When upgrading WordPress core, theme, language or plugin – the update downloads successfully but leaves a blank upgrade screen, the page stops loading, you may be stuck in maintenance mode (requiring manual removal of .maintenance) and overall the upgrade never completes.
- Using WordPress version 4.x
- Accessing the WordPress site via HTTP (not HTTPS)
- When upgrading, I saw WordPress downloaded the zip file via HTTPS
- Using WordPress.com Jetpack (not sure if related or not)
- Google returns very few results describing the problem well.
I’ve tested this against four WordPress sites now and it appears to have successfully worked around the problem.
I installed a self-signed SSL certificate against the WordPress site using Server Name Indicator (SNI). Remember no dedicated IP is required when using SNI but it need a compatible server. For convenience I’ve used SSL certificates from tinycert.org.
Now when I access the site over HTTPS:
- Login again – note SSO with untrusted certificate will not work, you must use local site login credentials
- Perform the upgrade – it completes successfully and does not result in a blank or stalled upgraded screen.
Do you see another pattern? Isolated it to a version, Jetpack or another update? Please let me know!
Other Possible Causes
The above resolved my issue, but similar issues include:
Most sysadmins by now have experienced “the cloud” and all the cost cutting fun that comes with it. My colleagues and I primarily work with Microsoft Azure.
While the Azure portal has improved, we’ve found numerous circumstances where improvement is still needed.
One example, when dealing with a handful of subscriptions attached to the same login account, packed with large number of items – everything slows down on first load. I’m not sure if it’s related, but usually the category you need to get access to immediately is the last to load.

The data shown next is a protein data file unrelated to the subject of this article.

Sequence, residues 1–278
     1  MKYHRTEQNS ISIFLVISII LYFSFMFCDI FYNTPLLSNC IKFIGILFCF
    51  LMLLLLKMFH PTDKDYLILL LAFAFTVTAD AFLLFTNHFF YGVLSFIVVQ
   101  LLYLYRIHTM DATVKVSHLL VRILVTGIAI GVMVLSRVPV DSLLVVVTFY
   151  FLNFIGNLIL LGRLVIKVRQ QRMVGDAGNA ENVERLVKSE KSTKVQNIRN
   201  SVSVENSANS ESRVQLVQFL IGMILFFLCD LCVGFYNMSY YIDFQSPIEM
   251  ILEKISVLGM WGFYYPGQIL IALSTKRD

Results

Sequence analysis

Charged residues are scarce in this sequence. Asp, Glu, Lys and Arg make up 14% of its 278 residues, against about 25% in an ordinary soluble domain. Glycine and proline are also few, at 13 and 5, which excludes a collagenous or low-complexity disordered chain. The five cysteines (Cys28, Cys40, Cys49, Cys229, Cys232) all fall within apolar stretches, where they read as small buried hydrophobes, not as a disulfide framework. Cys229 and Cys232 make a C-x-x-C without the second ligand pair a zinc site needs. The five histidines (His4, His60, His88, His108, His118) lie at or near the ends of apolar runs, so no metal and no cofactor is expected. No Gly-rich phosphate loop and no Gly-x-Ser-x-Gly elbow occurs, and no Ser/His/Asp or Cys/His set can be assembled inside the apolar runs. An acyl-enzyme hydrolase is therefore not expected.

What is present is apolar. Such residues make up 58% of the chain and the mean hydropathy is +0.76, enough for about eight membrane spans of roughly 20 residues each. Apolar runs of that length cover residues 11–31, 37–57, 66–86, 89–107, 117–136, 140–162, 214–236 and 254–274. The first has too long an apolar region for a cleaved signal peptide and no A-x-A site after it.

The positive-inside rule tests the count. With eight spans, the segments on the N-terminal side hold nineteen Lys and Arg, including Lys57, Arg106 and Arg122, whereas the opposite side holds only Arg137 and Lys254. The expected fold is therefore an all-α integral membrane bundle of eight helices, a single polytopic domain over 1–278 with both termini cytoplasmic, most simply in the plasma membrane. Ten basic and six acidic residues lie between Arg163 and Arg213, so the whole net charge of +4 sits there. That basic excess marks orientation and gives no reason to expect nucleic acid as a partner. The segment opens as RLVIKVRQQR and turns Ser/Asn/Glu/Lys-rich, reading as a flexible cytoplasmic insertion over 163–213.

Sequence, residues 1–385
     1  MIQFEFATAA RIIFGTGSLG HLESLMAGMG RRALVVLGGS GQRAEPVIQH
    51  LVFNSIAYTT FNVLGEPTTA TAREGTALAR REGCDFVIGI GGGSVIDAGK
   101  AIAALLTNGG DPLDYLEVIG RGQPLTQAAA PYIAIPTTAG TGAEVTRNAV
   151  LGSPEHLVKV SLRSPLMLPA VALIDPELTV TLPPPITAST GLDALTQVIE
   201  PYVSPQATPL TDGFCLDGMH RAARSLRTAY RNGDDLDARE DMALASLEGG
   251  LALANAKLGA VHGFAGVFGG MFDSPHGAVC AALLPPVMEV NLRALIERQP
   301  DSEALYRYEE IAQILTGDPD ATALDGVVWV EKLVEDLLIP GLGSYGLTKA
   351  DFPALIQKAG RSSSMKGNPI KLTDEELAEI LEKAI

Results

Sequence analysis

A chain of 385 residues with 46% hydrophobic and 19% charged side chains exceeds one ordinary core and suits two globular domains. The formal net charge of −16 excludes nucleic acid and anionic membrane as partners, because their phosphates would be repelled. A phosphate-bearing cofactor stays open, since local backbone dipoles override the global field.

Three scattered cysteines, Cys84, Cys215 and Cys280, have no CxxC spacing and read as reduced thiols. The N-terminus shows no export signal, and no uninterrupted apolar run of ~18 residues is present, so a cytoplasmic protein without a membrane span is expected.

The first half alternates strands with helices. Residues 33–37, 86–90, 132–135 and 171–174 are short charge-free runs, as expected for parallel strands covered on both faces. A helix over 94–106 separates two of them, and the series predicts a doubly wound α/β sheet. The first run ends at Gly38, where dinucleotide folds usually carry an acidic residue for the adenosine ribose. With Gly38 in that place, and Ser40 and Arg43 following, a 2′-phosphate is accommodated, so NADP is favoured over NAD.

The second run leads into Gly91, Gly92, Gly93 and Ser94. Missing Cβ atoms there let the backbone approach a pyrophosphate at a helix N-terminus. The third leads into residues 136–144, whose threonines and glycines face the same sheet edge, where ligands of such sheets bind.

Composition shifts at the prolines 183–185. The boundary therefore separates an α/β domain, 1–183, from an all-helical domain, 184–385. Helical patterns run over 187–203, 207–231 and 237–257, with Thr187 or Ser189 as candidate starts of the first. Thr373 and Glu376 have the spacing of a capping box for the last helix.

The return times on actions like creating a new storage account can vary from 10 seconds to 3 minutes – not just via the portal but when using Powershell and the Management API.
These and some other painfully slow circumstances, have resulted in a common phrase emerging around the office: “I’m waiting for Azure”. While waiting for Azure, a colleague and good friend of mine had the time to create the following diagram for laughs. Enjoy.
Time spent waiting for Azure
I got a request to look into the question, how do I delete temporary ASP.NET files on a shared Windows hosting server and I’ve decided to take a look into it.
Unless you have access to the global temp used by the server – which any good sysadmin will not allow – you can’t clear the global temp. However what you can do is change the temporary directory path used by your application.
The web.config file allows you to make application specific configuration changes, including the .NET temp file path. You can instead change the path to a location you do control.
How? Using the compilation Element, but more specifically the tempDirectory attribute. This attribute has existed since .NET 1.1, so it will work on all .NET version from 1.1 through to at least .NET 4.
<compilation tempDirectory=”D:\userdata\client224\temp” />
This is important! Remember to correctly set NTFS and/or share permissions on the new tempDirectory location else your application will not compile. You’ll need to apply read/write (modify) permissions to the folder using the application pool identity. This identity may be a system user like NETWORKSERVICE, IIS AppPool\AppPoolNameHere or another custom identity. For more on application pool identities, check the official documentation.
It’s reasonable for Windows shared hosting providers to want to disable this ability – I would – but I’ve not read any instances of it happening yet.
Best of luck!